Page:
Raonic Needs to Start Hotter in Round Two Down Under

Al Dannity | Updated Jan 16, 2013

After dropping the opening set of the first major of the year, Milos Raonic eventually cruised to the second round of the Australian Open. Al Dannity breaks down the #13 seed’s performance and looks ahead to his second-round match-up with Lukas Rosol.

It wasn’t pretty, well parts of it were, but at least Milos Raonic made it out of the first round unscathed. Jan Hajek, a player not remotely in the Canadian’s class, caught Raonic napping as he took the first set 6-3. The shock seemed to rouse the Thornhill, Ont. player as he quickly dispatched Hajek 6-1, 6-2, 7-6 to complete a four-set win.

Once again, Raonic will be on court at a most unseemly hour Thursday as he takes on Lukas Rosol in the second round. The Czech, best known for his stunning upset of Rafael Nadal at Wimbledon last year, has enjoyed what would politely be described as mixed form since his career-defining victory. Rosol however will have studied Raonic’s performances in the year to date and will recognise an opening. Sluggish displays, even by a player of the Canadian’s calibre, can quickly level the playing field between combatants poles apart in the rankings. The Czech will surely go after Raonic hard and early, looking to put the Canadian on the ropes.

To win, and in all likelihood Raonic will, the Canadian must put his slow starts behind him. In 2012 he was able to do this but not within a single tournament. To bring his game to the next level and crack the top 10, Raonic must display a more ruthless streak in 2013. The previous match simply must not matter, irrespective of how he performed. Every opponent, be he Lukas Rosol or Novak Djokovic, must be viewed as a threat that must be assaulted with ferocity from the off.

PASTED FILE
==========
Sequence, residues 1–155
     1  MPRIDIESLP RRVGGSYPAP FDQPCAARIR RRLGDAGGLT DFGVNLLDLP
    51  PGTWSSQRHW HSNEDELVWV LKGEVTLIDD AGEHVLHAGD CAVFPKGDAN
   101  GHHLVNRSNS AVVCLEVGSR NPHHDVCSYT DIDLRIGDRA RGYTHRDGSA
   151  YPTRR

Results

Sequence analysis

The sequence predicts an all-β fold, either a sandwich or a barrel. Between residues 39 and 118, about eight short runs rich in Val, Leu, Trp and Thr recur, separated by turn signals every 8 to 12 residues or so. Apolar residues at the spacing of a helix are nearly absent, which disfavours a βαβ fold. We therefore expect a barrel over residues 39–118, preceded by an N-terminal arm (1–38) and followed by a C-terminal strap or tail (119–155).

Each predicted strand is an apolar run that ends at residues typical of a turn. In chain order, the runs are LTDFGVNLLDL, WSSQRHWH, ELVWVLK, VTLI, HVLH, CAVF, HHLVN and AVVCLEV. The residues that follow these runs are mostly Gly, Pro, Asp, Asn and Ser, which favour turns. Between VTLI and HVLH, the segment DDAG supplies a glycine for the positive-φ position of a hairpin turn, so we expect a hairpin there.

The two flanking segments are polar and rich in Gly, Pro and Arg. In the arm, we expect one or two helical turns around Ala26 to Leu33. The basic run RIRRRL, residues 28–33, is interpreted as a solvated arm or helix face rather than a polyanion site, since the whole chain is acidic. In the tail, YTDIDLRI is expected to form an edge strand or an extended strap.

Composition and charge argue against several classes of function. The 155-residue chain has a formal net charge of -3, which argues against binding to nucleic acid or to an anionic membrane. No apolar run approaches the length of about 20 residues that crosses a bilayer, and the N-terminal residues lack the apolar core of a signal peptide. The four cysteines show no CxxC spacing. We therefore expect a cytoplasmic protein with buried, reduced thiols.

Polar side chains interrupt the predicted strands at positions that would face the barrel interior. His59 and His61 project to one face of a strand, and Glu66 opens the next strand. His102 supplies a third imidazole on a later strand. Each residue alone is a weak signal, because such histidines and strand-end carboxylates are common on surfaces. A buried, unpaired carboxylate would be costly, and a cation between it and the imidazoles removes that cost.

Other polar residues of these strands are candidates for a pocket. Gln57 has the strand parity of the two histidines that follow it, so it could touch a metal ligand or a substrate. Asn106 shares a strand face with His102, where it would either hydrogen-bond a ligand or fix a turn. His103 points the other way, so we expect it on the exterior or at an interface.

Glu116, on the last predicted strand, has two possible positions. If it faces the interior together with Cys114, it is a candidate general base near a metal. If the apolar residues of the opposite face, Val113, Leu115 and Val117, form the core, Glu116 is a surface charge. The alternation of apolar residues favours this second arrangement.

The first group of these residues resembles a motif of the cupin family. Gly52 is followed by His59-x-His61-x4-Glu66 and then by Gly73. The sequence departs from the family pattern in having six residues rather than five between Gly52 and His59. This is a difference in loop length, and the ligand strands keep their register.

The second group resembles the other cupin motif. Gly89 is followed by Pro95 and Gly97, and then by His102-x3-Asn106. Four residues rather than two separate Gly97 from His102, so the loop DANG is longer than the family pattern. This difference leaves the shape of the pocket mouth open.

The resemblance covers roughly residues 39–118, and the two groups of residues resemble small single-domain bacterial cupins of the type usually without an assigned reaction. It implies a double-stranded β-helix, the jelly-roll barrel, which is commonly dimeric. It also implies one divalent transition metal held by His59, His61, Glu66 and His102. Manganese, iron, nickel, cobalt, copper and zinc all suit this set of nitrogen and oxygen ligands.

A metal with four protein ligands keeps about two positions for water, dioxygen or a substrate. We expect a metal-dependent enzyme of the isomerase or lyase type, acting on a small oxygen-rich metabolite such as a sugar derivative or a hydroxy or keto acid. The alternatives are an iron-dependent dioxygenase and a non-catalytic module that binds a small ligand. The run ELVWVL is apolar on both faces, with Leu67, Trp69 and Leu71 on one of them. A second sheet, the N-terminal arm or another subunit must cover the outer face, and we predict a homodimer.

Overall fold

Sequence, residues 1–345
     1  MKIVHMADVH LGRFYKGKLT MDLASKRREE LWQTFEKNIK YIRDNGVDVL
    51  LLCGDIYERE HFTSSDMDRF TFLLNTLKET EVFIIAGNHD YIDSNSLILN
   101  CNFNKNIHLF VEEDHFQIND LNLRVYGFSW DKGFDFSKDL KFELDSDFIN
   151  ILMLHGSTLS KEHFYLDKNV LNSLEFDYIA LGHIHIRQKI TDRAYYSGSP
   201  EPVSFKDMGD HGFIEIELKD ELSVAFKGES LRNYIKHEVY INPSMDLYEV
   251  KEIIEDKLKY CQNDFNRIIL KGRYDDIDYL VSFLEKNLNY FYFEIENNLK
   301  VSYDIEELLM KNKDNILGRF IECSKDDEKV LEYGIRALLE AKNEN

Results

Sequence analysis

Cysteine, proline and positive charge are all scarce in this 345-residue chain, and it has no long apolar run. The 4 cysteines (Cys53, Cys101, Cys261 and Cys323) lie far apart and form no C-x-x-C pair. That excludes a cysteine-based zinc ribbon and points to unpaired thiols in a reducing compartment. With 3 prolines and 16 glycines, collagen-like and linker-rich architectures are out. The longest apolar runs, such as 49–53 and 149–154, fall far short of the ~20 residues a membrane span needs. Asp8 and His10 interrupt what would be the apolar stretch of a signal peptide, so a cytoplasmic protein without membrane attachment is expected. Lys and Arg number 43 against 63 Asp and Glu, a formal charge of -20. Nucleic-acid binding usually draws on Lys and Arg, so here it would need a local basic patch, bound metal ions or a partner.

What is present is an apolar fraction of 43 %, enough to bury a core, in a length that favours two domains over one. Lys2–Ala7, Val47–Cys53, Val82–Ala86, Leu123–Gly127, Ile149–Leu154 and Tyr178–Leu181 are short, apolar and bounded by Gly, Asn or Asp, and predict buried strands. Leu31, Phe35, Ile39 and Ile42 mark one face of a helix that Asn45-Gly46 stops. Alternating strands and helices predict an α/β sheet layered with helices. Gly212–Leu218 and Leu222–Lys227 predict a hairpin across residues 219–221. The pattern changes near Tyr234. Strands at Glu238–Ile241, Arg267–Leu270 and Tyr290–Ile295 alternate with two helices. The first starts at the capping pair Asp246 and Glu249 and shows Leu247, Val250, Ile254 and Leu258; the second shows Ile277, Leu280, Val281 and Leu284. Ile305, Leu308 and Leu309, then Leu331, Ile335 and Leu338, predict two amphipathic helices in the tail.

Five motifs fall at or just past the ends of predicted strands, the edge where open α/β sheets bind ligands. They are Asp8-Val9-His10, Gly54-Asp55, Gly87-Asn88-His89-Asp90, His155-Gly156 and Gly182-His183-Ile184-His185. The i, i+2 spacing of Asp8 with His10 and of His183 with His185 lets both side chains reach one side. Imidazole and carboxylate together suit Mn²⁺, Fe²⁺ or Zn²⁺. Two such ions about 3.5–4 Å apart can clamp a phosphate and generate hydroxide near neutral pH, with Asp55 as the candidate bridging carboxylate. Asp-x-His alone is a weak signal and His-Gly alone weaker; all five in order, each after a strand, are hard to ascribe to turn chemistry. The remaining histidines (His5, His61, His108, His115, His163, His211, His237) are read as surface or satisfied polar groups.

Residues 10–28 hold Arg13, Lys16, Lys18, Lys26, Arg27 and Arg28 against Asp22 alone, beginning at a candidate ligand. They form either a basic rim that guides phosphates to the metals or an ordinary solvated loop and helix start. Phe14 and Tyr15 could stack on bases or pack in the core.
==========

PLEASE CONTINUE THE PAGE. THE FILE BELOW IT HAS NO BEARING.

This is all the more important given how Raonic’s end of the draw is shaping up. As expected, Philipp Kohlschreiber and Roger Federer had comfortable starts in Melbourne. That lines up the duo as potential third and fourth round opponents. Federer’s mastery of the game needs no introduction and he will almost certainly be waiting for either Raonic or Kohlschreiber in the fourth round. The German has a soft draw against Israel Amir Weintraub in round two, a solid tune-up ahead of Raonic or Rosol. To beat Kohlschreiber, a man of incredible mental strength, Raonic must shake off the cobwebs. Thursday’s clash with Rosol will be his final chance to do so before the challenges get really tough. Raonic may not need to be at his best to beat Rosol but he must if he plans to go further.

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